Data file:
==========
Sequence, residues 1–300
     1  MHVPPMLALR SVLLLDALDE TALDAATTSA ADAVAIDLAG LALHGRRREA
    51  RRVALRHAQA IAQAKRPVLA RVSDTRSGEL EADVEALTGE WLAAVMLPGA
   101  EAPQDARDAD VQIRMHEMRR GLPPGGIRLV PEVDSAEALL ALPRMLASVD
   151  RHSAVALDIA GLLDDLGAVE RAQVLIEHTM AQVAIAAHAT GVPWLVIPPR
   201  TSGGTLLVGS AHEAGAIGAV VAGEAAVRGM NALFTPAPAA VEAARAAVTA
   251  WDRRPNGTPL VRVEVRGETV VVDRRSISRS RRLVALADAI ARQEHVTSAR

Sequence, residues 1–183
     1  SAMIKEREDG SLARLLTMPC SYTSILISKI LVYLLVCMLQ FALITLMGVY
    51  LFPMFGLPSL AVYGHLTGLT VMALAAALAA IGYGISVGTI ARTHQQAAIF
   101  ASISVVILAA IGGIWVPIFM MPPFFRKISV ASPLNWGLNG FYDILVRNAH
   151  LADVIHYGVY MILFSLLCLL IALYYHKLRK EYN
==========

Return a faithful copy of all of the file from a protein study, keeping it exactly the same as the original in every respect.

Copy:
Sequence, residues 1–300
     1  MHVPPMLALR SVLLLDALDE TALDAATTSA ADAVAIDLAG LALHGRRREA
    51  RRVALRHAQA IAQAKRPVLA RVSDTRSGEL EADVEALTGE WLAAVMLPGA
   101  EAPQDARDAD VQIRMHEMRR GLPPGGIRLV PEVDSAEALL ALPRMLASVD
   151  RHSAVALDIA GLLDDLGAVE RAQVLIEHTM AQVAIAAHAT GVPWLVIPPR
   201  TSGGTLLVGS AHEAGAIGAV VAGEAAVRGM NALFTPAPAA VEAARAAVTA
   251  WDRRPNGTPL VRVEVRGETV VVDRRSISRS RRLVALADAI ARQEHVTSAR

Sequence, residues 1–183
     1  SAMIKEREDG SLARLLTMPC SYTSILISKI LVYLLVCMLQ FALITLMGVY
    51  LFPMFGLPSL AVYGHLTGLT VMALAAALAA IGYGISVGTI ARTHQQAAIF
   101  ASISVVILAA IGGIWVPIFM MPPFFRKISV ASPLNWGLNG FYDILVRNAH
   151  LADVIHYGVY MILFSLLCLL IALYYHKLRK EYN